The methyl anion H3C– was the strongest known base for 30 years, until Tian and colleagues made the lithium monoxide anion in 2008, which has held the record since. Now, scientists in Australia have knocked LiO– down to second place, making a gas-phase dianion with the highest basicity ever found.
Superbases with high proton affinities like n-butyl lithium and sodium hydride are fundamental to organic synthesis. Chemists use them to deprotonate weak acids – the weaker the acid, the stronger the base needed to deprotonate it.
Berwyck Poad and his team at the University of Wollongong, Australia (in collaboration with Professor Michael Sheburn), have been searching for superbasic multiply-charged anions. However, this type of molecule is often too unstable to exist due to repulsion between its adjacent negative charges. Using a computational model that calculates electron transfer rates, Poad and his colleagues predicted that the highly conjugated ortho-diethynylbenzene dianion might be stable. ‘The exciting thing about this work is that you can predict the stability of a dianion using Marcus–Hush theory,’ says Poad. ‘The proton affinity for a dianion is a reasonably straightforward calculation that can be performed, but the main question is always going to be, can you make it experimentally?’ Indeed, Poad’s team managed to synthesise the superbasic anion, which can even deprotonate benzene, in an ion-trap mass spectrometer.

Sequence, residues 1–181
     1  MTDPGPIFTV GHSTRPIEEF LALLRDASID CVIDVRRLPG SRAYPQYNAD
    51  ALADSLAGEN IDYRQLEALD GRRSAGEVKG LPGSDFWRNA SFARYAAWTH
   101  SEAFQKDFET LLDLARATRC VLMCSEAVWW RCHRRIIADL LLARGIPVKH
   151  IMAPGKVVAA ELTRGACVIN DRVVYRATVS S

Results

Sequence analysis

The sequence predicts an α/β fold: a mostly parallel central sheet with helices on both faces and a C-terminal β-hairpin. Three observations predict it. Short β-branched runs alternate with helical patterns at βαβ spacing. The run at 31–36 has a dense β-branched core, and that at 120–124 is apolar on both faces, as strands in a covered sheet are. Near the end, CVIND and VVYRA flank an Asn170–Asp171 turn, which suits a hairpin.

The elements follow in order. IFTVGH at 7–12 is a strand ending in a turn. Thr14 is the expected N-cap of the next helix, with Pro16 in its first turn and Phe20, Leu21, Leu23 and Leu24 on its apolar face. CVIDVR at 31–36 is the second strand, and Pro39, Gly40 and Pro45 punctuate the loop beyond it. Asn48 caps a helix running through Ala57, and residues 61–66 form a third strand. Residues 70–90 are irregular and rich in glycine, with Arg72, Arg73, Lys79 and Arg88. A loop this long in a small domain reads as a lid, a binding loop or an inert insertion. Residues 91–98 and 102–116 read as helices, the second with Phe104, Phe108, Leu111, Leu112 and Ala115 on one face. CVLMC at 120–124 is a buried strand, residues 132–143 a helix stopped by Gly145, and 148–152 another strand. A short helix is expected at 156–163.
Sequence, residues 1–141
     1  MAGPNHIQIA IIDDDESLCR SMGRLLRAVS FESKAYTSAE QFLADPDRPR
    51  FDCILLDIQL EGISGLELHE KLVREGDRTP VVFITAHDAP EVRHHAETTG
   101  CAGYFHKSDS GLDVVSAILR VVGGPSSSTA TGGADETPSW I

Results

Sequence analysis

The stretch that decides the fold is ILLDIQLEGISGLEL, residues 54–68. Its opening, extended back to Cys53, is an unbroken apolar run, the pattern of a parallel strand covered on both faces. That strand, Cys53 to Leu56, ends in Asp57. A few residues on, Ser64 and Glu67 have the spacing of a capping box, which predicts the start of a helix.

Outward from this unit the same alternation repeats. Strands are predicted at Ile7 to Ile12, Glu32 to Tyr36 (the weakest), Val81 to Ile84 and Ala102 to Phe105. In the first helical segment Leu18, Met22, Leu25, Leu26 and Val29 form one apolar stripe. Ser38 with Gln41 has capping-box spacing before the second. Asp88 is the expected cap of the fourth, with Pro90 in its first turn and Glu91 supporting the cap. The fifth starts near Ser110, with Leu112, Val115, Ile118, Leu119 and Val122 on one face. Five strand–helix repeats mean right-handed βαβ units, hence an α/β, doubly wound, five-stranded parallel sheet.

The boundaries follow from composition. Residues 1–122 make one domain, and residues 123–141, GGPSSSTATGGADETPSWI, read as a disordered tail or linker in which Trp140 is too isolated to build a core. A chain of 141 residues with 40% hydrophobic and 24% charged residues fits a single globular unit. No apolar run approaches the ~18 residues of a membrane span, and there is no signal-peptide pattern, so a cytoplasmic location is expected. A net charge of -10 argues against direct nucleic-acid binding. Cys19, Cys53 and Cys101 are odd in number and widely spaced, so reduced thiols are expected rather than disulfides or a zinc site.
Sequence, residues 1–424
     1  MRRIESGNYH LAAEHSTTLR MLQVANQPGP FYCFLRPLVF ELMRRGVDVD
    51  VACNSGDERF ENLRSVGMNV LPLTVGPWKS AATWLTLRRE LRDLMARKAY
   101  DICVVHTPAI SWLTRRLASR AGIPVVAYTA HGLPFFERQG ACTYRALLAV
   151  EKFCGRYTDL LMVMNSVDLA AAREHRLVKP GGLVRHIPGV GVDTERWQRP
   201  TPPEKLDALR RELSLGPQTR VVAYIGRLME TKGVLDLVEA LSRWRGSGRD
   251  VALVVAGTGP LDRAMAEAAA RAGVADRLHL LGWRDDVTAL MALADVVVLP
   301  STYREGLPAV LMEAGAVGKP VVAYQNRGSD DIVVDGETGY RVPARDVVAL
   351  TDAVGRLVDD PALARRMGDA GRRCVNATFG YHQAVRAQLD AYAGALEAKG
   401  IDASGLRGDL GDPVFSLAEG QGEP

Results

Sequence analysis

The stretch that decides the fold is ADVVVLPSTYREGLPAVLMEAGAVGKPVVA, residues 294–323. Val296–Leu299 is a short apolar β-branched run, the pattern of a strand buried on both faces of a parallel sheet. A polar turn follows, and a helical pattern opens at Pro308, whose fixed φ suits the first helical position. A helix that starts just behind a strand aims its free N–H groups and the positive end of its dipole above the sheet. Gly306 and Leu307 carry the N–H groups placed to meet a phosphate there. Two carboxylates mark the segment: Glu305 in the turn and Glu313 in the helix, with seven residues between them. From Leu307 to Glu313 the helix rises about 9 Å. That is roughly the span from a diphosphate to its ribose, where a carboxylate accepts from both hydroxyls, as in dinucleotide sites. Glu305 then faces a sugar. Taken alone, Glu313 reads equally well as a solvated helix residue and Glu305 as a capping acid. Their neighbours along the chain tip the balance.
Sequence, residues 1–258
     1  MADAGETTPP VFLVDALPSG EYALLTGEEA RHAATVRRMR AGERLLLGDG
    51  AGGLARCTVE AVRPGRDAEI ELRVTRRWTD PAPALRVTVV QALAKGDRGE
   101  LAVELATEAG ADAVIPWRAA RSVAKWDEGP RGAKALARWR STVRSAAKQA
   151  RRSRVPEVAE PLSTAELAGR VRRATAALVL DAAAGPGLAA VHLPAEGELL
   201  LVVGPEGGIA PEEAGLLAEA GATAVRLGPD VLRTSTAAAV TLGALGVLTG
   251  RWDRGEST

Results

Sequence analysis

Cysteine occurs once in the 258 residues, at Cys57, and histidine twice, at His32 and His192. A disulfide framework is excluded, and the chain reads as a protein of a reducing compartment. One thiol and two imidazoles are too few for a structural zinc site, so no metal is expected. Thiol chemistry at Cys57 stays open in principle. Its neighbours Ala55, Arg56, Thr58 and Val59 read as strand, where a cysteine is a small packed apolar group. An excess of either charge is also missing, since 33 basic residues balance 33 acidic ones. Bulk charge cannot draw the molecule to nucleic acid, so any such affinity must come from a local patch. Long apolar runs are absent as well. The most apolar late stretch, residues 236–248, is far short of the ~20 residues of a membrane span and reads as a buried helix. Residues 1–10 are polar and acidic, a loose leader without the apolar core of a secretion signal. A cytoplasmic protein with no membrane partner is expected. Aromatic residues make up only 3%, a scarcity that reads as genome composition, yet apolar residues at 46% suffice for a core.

‘The broader impacts of this research include the possibility that new knowledge about anions, basicity and inert counterions will impact commercially important areas of chemistry such as petroleum reforming, polymerization catalysis, battery technology and fuel cell technology,’ remarks Robert Vianello, an expert in intermolecular interactions and the design of new organic materials. ‘Molecules that have never been made before could be allowed, therefore turning many of the challenges chemistry is facing into novel opportunities.’